Mangroves

“Mangrove forests form the best natural defence for low-lying areas like the Sundarbans. These trees adapt to salinity and therefore can provide significant stability and protection to the shorelines,” says professor Amalesh Choudhury before taking a leap into the boat. The professor has arranged a journey out on Chayergheri river to the sea front of Sagar Island. One cannot believe that he is 86 years old, his energy and enthusiasm considerably out pacing the accompanying 30 year olds. He is an authority. In his company it is hard to imagine that anyone else could possibly know more about mangrove forests. Professor Choudhury has dedicated his life to the subject, helping to gain UNESCO world heritage status for the Sundarbans in 1987. It has been no less than a lifetimes work, but at 86 he won’t give up. "Extreme weather events like cyclones and storms have become more common. Global warming is one reason for this, but personally I am an optimist and think it will take at least 100 years till this island is fully under water. Till then we have to do what we can to prevent a catastrophe."

Sundarbans is home to the endangered Bengali tiger, the estuarine crocodile and the Indian python. Such a complete and extensive mangrove forest can’t be found anywhere else in the world.

It is morning high tide, the water washes waist deep around the mangroves and the people fishing along the river. Mangroves are home to a myriad of different aquatic species and organisms, co-dependent on each other and important for the entire food chain. Rising tidal surges, cyclones, logging and pollution from industries further up the Ganges is affecting the life of the Sundarbans mangrove forest. "Heavy metals are passing up the food chain from small insects to fish, birds and finally people," says Amalesh Choudhury.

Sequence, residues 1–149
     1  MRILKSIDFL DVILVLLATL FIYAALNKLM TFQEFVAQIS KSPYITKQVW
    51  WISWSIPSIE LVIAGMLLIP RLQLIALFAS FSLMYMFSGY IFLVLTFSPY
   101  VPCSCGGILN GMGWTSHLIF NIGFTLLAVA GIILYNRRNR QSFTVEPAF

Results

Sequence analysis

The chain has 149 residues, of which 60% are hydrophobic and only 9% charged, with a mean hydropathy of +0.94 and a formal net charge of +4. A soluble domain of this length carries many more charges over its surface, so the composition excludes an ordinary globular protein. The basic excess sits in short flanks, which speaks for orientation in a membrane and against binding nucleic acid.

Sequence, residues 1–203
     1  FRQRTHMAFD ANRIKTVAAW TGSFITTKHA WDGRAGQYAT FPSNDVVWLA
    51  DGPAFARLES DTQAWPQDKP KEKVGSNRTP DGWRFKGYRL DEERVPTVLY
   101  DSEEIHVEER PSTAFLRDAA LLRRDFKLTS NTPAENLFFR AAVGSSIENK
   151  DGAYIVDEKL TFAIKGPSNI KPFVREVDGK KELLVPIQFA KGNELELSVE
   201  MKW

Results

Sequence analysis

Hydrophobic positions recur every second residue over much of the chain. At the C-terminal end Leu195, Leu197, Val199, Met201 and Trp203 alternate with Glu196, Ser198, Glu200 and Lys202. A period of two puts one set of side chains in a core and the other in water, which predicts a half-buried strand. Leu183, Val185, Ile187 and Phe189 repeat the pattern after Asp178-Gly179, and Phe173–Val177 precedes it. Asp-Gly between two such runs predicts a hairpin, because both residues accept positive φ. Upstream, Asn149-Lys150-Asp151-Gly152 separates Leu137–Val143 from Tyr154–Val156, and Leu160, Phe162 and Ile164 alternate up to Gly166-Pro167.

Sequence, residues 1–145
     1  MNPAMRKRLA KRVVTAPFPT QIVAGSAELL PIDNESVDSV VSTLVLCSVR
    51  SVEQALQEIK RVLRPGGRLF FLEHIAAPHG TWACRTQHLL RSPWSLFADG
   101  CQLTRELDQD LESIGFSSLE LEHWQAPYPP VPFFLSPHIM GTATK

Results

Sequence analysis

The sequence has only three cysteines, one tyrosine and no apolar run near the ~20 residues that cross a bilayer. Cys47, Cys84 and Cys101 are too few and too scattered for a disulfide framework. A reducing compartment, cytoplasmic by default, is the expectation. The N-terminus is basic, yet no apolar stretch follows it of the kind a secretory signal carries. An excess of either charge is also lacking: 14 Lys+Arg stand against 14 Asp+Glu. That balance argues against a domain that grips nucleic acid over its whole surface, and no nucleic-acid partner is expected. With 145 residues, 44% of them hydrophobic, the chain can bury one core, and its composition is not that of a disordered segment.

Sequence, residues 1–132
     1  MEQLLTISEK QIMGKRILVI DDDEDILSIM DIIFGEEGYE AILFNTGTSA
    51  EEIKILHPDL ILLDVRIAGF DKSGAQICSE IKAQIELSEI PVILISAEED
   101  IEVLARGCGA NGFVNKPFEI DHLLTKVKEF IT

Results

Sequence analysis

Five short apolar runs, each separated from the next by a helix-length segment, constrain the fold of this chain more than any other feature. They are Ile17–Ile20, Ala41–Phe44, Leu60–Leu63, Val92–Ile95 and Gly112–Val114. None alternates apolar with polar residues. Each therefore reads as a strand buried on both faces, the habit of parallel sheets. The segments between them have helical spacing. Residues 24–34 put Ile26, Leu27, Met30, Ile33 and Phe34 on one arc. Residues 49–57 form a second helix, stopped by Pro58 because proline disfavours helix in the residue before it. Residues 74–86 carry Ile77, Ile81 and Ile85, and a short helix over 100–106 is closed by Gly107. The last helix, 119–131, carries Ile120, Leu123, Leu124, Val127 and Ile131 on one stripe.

In 1966 Choudhury established the Sagar Marine research Institute on Sagar Island and ten years later he started a mangrove restoration program to protect the coastal area of Sagar island. The initiative got support from the Indian government and UNESCO, but the money was only enough to cover some of the most vulnerable creeks and shorelines with mangrove plantations. However, increasing tidal surges and the expansion of a port on the other side of the Hooghly river changed the water surge and took away the natural path of silt that builds and protects the west part of the island. "Twenty-five years ago there were mangroves in more places than today. Many have now disappeared which makes the islanders very vulnerable to climate change disasters such as increasingly severe cyclones," says the professor.

The cost of planting protective mangroves around the island and educating people of their importance could be achieved for an estimated 80 000 euros, a relatively low cost in view of the protection afforded by the mangroves. "The few hundred thousand population living here will otherwise lose their land and livelihoods, it will be washed away by the sea and their homes with it," says Choudhury. He continues, "if we get the money, local people would be involved in planting and nursery maintenance, preferable women from minority groups who have lost family members and are struggling to survive. It would create employment and give hope back to the islanders."

Professor Amalesh Choudhury has worked for over 45 years in the Sundarbans, starting a program in 1976 to restore the protective mangrove forests around Sagar Island. It has been no less than a lifetimes work, but at 86 he will not give up.

Professor ChoudhuryThreatened by loggingLow tideHigh tideCrossing to mainlandOcipodaThreatened speciesSpecies nurseryNatural defenceCollecting wood